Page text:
On September 5, the London Daily Telegraph ran not one, not two, but seven stories about sex-selective abortions (1, 2, 3, 4, 5, 6, 7). Why? Sarah Ditum suggested in the New Statesman on September 7 that
the campaign against sex-selective abortion is a cynical effort to take choice away from pregnant women.
The day before, however, Telegraph assistant comment editor Tom Chivers wrote,
Pro-choice feminists should be more appalled than anyone by the sex-selection abortion story.
Of course, both statements can be true. What happened, in short, was that in February 2012, the Telegraph conducted a sting that caught two doctors agreeing, on tape, to perform abortions for sex selection. These were never carried out, which seems to be the main reason why rather than starting criminal proceedings the Crown Prosecution Service decided to leave it to the General Medical Council.
Abortion politics in the UK are considerably different than in the US, and generally have a much lower profile. There is an anti-abortion rights lobby, which of course objected (and was quoted by the Telegraph, a conservative paper, and the Daily Mail, its down-market equivalent), and the Health Secretary asked the Attorney General to review the decision. But in most quarters this seems to have been treated as a minor matter. What seems blatantly obvious is that the newspaper was (again) trying to sell papers.
In the US, however, opponents of abortion rights have been working for years to use antipathy about sex selection as a weapon in their all-out assault on reproductive rights. Just this week, sex-selective abortion was thus wielded at a hearing of a Congressional subcommittee chaired by Chris Smith (R-NJ), a consistent opponent of abortion, who boasts a 0% rating from NARAL and a 100% rating from the NLRC.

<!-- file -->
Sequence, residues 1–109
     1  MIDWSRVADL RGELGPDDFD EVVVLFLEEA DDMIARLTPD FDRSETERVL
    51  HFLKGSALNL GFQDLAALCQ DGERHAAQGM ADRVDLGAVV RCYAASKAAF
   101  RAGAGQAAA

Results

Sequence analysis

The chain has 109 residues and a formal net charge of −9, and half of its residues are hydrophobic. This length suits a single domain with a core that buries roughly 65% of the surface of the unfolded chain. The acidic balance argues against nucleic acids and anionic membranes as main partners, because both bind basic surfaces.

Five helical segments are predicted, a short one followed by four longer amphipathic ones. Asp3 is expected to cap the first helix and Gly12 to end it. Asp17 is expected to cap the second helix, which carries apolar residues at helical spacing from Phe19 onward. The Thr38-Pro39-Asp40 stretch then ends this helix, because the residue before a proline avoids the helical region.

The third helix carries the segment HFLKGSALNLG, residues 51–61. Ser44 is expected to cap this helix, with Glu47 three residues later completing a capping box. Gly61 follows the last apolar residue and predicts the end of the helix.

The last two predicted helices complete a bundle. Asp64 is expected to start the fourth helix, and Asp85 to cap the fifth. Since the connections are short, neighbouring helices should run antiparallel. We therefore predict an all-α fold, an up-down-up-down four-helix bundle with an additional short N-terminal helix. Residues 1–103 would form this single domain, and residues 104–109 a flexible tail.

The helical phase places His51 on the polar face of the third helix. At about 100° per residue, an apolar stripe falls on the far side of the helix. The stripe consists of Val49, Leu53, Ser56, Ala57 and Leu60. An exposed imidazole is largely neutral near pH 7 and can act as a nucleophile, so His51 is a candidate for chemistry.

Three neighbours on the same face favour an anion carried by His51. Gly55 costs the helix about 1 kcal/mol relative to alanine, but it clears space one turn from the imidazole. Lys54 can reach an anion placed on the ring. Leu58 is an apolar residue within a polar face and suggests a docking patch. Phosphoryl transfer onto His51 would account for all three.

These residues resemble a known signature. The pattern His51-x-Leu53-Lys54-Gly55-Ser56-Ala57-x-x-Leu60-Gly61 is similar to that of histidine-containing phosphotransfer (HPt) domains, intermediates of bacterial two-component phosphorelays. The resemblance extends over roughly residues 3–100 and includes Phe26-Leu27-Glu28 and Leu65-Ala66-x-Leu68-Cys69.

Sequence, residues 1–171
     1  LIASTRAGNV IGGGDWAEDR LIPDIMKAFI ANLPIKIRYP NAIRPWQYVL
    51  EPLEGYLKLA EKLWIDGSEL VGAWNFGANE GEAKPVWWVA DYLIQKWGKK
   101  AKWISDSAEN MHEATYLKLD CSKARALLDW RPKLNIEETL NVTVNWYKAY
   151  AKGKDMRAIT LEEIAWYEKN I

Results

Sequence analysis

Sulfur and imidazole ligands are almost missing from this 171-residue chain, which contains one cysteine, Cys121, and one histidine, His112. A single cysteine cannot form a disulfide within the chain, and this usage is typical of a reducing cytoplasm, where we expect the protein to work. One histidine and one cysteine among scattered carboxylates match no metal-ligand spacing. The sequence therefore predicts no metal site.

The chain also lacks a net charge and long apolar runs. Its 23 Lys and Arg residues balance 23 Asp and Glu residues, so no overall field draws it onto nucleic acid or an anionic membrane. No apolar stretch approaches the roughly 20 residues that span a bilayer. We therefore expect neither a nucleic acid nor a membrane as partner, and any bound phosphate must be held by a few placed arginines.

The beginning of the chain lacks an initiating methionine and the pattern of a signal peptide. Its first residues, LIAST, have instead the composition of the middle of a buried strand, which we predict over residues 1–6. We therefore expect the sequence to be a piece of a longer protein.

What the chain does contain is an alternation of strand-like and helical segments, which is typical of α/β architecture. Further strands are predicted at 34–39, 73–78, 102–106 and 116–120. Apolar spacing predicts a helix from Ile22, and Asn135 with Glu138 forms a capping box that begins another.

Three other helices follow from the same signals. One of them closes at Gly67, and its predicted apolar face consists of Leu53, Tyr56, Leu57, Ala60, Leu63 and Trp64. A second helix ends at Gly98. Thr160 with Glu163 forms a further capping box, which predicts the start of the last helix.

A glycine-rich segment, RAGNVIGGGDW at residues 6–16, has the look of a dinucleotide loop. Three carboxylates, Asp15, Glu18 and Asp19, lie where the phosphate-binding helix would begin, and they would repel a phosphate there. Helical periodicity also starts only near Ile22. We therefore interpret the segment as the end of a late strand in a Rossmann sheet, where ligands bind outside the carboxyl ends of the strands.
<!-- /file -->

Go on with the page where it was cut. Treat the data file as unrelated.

The account of the hearing on Smith's website blames sex selection worldwide on Planned Parenthood and the Population Council. It cites Mara Hvistendahl, author of Unnatural Selection, as if she supports the anti-choice efforts, when in fact her book details the origins of the right-wing strategy to promote deceptive sex-selection abortion bans. This is not the first time the antis have actively tried to co-opt her work, as Hvistendahl explains in a 2011 Foreign Policy article titled "The Abortion Trap: How America's obsession with abortion hurts families everywhere."
Like Hvistendahl, many pro-choice groups and individuals are both deeply troubled by sex selection and alarmed by cynical efforts to use it to chip away at abortion rights. Since 2009, more than 60 federal and state bills have been introduced to ban abortions performed on the basis of sex or race. These efforts have been drawing increased attention, including a lawsuit in Arizona and a legal challenge in North Dakota. The National Asian Pacific Women's Forum has been taking a strong leadership position on these "thin-end-of-the-wedge" bills, arguing that sex selection is a problem but that abortion bans are not the solution:
We know the real solution to ending the preference for sons in some families is getting to the root of the problem: gender inequity. If lawmakers truly want to help us, we call on them to promote equal pay, access to education, health equity, and ending violence against women.